I think one thing that rarely gets mentioned when talking about study abroad experiences is the importance of interpersonal skills. Imagine landing in a foreign country with several others you barely know. Imagine seeing these people almost every single day for six weeks straight. What do you think are the chances you will see eye-to-eye on everything all the time with everyone? – Not very high.
Being in a group of less than fifteen people, we usually did everything in one group. I’m sure everyone naturally had their preferences of who they liked more, but regardless, we all stuck together. As cool as it was to get to know everyone really well in a short period of time, you can’t help but start to pick up on everyone’s “annoying” habits as well. Kind of like rooming with your friends for the first time and realizing all these new things about them you hadn’t known before. Anyways, I noticed that things could go downhill very quickly. For example, planning our weekend excursions was our responsibility and as you can imagine, with a group of fourteen unique individuals with different agendas, it was no easy task. There were always people who felt like they were not being heard, people who felt like others were being pushy and bossy, and those who felt like others were not contributing enough- just to name a few scenarios. To make it worse, I noticed that this tension does not have a place to go and usually builds up over time. As time went by, I saw how people could be passive aggressive- I too am guilty of that on several occasions. I think in situations like this, our interpersonal skills are really put to the test. The funny thing is that although I know communication is important, I had a hard time getting myself to actually confront anyone about anything, which I am sure everyone in my group could relate to as well.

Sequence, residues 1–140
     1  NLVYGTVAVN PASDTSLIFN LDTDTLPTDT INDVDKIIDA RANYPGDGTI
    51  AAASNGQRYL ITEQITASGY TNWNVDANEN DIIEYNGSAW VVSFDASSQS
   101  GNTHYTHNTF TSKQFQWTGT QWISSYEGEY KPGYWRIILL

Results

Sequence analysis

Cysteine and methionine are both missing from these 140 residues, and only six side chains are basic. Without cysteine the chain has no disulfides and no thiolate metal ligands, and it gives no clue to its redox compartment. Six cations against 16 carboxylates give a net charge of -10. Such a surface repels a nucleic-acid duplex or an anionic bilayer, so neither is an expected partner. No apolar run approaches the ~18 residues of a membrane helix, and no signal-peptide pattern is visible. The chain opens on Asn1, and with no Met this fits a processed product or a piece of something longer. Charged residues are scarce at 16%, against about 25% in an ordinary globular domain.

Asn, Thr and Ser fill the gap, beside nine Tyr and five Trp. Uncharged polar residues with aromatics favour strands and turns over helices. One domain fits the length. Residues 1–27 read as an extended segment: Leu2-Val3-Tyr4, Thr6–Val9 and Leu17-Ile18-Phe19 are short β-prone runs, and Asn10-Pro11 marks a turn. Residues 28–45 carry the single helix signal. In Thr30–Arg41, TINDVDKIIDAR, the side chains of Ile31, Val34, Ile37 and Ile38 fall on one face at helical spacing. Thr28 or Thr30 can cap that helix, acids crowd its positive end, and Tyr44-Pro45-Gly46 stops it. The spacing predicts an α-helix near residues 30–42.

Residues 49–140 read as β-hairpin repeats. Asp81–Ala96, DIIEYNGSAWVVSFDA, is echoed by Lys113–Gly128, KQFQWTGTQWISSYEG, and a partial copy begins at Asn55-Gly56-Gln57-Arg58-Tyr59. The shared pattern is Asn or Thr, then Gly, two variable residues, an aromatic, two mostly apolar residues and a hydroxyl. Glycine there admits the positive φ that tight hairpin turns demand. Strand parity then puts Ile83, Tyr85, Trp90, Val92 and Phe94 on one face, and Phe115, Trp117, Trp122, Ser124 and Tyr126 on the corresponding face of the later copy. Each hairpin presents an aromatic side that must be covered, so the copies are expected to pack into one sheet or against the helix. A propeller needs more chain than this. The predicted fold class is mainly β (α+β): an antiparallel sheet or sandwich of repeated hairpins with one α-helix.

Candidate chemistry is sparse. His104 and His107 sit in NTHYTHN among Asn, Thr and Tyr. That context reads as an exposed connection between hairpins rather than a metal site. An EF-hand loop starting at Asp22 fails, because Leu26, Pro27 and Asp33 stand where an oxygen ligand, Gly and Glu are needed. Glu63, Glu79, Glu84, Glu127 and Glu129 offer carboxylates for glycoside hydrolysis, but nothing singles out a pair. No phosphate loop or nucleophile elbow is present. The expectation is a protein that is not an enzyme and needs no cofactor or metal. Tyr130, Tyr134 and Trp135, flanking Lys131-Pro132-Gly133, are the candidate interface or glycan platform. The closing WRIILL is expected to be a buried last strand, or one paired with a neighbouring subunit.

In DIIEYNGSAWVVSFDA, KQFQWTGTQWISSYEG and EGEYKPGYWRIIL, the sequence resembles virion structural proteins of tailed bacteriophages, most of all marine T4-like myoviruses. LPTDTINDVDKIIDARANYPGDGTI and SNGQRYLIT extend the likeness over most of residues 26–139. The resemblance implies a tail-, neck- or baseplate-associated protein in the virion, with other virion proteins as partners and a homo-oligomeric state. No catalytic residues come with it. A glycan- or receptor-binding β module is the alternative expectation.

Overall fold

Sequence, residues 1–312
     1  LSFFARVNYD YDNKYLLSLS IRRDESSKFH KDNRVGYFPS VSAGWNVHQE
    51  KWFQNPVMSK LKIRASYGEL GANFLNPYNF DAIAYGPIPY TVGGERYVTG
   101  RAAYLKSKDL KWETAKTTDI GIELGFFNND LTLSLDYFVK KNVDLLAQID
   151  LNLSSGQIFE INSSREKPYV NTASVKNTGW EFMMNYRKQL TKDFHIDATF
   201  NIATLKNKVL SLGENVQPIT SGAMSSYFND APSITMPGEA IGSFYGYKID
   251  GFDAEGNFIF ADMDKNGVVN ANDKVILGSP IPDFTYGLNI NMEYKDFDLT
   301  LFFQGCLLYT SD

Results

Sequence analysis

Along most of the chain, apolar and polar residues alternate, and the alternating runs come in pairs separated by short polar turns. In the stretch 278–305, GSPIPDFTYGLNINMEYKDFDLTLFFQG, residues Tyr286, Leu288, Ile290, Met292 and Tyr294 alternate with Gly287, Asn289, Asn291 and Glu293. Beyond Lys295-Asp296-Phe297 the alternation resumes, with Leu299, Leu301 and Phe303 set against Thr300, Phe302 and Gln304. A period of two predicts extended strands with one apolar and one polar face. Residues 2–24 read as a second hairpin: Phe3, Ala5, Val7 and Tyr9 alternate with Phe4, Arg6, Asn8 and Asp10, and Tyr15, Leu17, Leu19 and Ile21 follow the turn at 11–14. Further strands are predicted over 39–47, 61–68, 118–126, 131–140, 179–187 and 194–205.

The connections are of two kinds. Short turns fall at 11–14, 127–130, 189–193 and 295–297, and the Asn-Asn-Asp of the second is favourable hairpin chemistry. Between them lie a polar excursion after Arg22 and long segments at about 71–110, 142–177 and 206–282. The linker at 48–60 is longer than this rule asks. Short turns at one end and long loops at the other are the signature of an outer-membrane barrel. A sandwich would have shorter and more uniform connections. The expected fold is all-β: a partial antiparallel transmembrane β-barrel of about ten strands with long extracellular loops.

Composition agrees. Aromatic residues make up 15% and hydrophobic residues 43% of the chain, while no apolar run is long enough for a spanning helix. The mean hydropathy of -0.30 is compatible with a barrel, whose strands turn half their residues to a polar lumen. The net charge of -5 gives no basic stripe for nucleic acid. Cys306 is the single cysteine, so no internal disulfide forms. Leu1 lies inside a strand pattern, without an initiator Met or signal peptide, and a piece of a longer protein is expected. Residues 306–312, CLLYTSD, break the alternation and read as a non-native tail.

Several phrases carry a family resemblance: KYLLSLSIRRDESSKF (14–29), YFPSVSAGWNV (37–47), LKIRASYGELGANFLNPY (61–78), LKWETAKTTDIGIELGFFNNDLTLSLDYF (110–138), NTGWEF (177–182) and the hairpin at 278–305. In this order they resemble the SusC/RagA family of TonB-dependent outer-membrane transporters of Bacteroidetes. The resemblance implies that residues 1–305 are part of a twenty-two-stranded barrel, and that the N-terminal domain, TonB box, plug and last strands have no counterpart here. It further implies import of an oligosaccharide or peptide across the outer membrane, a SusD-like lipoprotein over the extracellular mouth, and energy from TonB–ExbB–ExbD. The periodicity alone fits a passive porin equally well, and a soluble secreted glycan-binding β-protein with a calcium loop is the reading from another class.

On that note then, I’d like to share some advice I think may be useful for those planning on going abroad. The people of our study abroad program are the ones who make up our support system while abroad, but they can also be the source of our frustrations. This is the case whether abroad or not, but while abroad, this is really important as we are essentially “stuck” with the same faces for an extended period of time. If something is bothering us, chances are that it may happen again and we will be bothered by it again. Therefore, don’t let that tension build up and talk to someone about it. Whether it’s to a teacher or program coordinator, let it out. Furthermore, we are not able to control how others feel and react to situations, but we do have control over how we feel and react. So, try to make the best of every situation, try not to let small things get to you, and internalize the fact that we are all different and none of us intend to annoy each other- it’s a matter of perspective in my opinion. Also, be sure to make time for yourself- to do the things that you want to do and see- and make sure to get your sleep! If you want to be the best version of yourself and have a positive attitude, make sure you are not sleep-deprived!